Electromagnetic radiation from the sun comes to Earth in the form of radiation. The term “radiation” simply denotes the fact that the energy travels as rays, that is, in straight lines. Similarly, (PAR) photosynthetic radiation also travels in a linear fashion but it is a mere few feet away from the canopy and doesn’t have an atmosphere to compensate for naturally occurring variables. Therefore, you will want to adjust the height of your grow light occasionally, accordingly based on the height of your plantation or garden.
The sun radiates energy equally in all directions and the Earth intercepts and receives part of this energy. The power flux reaching the top of the Earth’s atmosphere is about 1400 Watts/m2. This measure simply means that on average, one square meter on the side of the Earth facing the sun receives energy from the sun equal to that from fourteen 100 Watt light bulbs every second!
Commonly, LED grow lights also are measured in the visible light spectrum such as ultraviolet, visible, and infrared, PAR regions (400–740nm) but the source is a constant excluding the height at which the light is fixed above the canopy and the amount of time which you have your LED light on – daily light interval (DLI).
Generally speaking, most plant growth and morphology is commonly the same, plants grow up and outward. Plants will stretch upwards when the light source is at a constantly and kept at or above the suggested distance from the canopy and they will start to bush out and grow more dense if the light source is not changed. If your light is placed in a fixed position the plants will grow to a certain point and then they will grow in width but as noted above with some plant species adjustments will have to be made so that the canopy doesn’t touch the actual LEDs. Certain plants require different PAR ranges. This directly relates to what you want to grow and correlates to the intensity of light which is available accordingly to certain models will cast a different canopy area. The growing area you have available is important in relation to this topic. When it comes down to it, the units all cast a different PAR value and coverage Area (m²) is based on their size and wattage. Smaller units will cover less area and will have to be placed closer where the larger units will cover more area and (in some cases) you will have the ability to place the light source farther away from the canopy or growing surface – hence having a bigger garden.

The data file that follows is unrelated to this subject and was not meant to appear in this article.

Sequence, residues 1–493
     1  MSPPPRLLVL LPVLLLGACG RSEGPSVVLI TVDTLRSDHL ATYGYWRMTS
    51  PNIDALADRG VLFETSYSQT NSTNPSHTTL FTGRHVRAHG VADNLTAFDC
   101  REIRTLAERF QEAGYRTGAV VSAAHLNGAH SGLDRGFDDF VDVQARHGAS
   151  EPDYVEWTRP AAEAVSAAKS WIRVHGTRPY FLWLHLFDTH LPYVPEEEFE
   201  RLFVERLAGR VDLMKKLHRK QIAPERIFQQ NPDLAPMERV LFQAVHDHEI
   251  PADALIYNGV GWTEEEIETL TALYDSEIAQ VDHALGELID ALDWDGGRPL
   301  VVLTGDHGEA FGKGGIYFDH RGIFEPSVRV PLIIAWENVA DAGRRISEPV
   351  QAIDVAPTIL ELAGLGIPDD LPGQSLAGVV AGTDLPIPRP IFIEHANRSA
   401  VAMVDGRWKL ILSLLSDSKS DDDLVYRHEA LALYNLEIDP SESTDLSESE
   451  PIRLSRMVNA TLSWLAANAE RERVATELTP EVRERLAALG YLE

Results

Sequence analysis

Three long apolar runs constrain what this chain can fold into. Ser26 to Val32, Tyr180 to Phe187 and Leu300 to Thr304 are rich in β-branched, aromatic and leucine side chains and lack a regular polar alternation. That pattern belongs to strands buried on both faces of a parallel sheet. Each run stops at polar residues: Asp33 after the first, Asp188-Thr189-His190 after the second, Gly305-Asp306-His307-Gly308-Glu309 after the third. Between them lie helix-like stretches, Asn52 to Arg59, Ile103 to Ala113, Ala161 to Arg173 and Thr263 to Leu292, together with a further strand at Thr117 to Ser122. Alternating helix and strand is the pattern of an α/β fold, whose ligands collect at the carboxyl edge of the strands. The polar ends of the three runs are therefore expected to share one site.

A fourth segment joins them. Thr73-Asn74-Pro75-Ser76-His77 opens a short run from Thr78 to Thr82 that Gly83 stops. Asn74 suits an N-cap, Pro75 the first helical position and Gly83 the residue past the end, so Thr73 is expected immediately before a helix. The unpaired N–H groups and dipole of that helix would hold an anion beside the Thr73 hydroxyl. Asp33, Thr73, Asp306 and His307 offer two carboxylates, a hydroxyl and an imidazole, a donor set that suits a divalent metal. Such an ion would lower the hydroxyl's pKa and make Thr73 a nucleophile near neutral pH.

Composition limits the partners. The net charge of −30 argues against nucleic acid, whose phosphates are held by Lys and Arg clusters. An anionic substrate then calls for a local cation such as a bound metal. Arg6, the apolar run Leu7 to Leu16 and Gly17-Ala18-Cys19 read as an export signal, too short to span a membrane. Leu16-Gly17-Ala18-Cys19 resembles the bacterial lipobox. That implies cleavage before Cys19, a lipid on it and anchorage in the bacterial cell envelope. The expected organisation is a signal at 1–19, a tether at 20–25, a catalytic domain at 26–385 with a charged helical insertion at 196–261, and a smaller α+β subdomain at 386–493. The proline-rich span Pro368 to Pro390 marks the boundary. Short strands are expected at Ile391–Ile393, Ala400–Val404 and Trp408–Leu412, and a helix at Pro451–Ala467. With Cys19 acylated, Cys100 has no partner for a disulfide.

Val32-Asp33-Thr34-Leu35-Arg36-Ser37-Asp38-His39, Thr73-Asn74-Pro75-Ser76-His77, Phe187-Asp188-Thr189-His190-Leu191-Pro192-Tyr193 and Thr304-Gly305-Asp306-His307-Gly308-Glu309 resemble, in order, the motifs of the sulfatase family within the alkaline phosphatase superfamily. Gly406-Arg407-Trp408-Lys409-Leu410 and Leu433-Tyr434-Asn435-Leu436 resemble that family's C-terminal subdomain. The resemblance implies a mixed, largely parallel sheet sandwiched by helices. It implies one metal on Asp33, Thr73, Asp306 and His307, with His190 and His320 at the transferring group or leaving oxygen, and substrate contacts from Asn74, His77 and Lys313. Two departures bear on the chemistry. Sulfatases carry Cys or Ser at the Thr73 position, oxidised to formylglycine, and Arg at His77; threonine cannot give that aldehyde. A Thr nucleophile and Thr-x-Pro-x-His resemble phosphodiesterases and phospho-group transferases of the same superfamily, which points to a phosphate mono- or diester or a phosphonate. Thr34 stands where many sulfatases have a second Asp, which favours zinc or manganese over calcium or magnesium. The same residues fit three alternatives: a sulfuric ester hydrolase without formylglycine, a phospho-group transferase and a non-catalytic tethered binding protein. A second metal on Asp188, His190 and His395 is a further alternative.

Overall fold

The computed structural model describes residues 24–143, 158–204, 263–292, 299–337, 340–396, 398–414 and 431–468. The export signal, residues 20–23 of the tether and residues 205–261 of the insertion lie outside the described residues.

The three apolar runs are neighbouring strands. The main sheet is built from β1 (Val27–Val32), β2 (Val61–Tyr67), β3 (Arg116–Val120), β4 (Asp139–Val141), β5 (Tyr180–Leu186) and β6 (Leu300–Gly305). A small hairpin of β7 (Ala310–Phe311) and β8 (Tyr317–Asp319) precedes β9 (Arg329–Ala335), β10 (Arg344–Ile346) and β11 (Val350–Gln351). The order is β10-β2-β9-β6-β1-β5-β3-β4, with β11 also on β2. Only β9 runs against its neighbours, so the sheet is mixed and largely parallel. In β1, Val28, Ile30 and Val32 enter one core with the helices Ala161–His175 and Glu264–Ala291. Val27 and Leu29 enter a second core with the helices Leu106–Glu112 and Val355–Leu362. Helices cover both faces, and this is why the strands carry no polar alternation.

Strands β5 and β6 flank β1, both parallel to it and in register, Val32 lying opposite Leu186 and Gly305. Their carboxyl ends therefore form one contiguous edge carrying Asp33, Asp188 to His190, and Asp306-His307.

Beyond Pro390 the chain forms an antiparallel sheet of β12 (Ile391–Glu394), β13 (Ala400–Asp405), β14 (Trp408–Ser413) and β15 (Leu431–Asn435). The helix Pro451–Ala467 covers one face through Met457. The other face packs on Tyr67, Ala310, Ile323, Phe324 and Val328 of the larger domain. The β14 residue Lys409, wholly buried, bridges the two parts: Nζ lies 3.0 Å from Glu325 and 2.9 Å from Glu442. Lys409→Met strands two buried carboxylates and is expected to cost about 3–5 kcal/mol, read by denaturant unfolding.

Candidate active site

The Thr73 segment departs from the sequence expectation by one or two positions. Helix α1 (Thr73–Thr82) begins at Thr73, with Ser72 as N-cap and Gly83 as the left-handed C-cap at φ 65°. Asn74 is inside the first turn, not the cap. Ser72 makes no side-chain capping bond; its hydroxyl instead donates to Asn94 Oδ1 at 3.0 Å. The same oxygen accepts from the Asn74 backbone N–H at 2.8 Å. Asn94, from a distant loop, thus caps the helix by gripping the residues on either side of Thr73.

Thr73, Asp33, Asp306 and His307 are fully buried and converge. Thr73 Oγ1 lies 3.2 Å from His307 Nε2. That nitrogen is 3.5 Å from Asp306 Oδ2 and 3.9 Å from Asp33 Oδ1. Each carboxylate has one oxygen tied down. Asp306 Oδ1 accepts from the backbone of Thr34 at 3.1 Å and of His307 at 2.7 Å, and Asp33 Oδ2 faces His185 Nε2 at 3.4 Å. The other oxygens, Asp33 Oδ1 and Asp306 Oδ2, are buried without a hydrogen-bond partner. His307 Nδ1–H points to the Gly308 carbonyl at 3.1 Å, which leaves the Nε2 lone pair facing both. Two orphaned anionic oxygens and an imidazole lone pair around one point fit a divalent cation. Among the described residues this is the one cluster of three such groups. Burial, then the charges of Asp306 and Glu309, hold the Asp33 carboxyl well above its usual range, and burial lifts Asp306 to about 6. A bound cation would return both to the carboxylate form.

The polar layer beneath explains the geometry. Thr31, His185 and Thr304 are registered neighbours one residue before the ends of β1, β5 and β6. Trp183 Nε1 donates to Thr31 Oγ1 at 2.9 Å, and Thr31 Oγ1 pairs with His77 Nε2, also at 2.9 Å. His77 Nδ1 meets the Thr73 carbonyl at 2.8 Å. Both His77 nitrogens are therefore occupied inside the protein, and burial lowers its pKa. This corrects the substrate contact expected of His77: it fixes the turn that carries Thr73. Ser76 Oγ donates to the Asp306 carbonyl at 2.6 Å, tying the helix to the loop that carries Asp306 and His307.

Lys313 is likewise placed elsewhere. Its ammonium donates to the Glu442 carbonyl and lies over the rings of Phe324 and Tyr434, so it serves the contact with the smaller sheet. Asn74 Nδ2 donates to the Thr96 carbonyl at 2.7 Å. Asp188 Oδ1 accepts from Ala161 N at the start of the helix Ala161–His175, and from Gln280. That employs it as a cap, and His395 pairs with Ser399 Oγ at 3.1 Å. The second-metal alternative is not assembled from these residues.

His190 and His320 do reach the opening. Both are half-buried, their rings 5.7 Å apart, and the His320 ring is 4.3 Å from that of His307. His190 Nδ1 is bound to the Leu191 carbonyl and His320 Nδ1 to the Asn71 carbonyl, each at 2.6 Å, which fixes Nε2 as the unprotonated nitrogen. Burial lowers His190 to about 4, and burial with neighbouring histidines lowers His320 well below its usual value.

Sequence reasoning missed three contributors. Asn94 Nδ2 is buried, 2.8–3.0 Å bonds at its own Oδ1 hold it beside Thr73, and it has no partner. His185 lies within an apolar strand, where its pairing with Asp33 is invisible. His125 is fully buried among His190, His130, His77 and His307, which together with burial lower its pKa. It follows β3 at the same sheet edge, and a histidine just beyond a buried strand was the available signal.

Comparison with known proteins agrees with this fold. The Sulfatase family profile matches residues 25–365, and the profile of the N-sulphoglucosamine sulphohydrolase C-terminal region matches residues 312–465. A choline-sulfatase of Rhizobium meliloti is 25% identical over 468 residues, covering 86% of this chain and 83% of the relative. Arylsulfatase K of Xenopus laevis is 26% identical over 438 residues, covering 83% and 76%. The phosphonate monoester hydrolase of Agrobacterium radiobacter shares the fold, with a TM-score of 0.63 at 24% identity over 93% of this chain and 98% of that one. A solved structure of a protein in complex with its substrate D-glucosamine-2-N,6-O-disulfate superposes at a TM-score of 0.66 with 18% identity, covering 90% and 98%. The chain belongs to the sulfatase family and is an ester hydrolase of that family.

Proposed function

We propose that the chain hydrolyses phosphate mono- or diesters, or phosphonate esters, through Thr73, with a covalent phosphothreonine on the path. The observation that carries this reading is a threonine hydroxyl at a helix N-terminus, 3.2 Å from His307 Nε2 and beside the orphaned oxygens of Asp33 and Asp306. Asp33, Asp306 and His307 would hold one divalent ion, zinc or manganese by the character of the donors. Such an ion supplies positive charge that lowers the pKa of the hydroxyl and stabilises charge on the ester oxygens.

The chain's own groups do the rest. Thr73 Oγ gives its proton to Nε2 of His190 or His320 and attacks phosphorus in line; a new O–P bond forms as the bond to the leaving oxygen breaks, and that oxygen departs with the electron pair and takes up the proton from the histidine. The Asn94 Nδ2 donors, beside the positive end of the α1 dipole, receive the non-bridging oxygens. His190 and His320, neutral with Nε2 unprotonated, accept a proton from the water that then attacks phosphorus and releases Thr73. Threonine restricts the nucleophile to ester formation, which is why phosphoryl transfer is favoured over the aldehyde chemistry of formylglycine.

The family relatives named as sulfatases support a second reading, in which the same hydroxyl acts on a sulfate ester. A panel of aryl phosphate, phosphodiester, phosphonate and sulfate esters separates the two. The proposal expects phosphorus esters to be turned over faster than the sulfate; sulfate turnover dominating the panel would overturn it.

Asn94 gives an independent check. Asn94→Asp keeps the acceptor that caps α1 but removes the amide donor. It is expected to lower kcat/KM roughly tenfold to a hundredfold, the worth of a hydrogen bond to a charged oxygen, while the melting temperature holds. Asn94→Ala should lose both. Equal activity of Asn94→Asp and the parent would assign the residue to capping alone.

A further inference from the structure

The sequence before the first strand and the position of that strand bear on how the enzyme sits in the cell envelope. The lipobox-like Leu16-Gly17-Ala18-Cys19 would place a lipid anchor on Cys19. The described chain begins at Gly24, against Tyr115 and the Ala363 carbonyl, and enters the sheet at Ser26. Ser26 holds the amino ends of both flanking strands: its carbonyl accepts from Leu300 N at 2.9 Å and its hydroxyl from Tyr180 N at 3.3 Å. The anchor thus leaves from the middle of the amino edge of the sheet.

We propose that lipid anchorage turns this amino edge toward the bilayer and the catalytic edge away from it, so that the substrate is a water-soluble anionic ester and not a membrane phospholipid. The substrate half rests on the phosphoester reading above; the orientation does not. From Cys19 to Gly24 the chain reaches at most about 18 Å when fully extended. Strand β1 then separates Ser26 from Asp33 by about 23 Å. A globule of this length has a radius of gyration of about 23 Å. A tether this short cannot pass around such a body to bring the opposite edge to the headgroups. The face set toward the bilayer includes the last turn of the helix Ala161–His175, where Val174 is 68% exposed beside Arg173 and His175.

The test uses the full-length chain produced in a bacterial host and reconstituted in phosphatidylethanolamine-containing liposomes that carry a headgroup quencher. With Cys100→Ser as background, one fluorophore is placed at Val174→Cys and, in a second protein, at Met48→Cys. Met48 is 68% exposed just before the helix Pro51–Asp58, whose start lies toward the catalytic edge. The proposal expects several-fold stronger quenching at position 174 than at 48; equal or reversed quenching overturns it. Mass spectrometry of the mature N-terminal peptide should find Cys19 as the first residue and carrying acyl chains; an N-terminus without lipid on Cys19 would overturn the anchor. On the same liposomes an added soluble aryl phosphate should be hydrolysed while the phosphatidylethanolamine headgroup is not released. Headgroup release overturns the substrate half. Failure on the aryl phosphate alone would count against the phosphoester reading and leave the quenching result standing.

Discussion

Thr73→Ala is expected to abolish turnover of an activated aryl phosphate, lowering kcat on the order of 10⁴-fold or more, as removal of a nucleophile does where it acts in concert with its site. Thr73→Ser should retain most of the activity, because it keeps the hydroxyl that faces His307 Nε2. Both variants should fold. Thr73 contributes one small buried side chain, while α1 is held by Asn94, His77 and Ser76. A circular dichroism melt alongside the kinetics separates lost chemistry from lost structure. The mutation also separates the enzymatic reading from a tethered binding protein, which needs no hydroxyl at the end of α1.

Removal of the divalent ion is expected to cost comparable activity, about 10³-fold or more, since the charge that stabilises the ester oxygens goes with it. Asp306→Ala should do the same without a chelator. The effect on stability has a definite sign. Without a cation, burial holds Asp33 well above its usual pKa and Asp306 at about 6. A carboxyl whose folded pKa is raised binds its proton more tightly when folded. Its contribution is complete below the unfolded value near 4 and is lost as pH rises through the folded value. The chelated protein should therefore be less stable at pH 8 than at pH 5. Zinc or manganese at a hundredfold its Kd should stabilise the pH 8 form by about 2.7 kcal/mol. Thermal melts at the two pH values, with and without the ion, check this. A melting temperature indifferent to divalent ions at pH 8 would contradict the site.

For flowering plants, the lights can be left at the affixed height and the daily light interval must change.
Important! Plant species vary, thus, they all have a variety of specific lighting needs. PAR value, umol’s (moles per square meter per second) or daily light interval are three valuable things one needs to look at when evaluating a large gardening area. Some gardeners have different methods to quantify their personal needs so we have included a few approaches here on our site!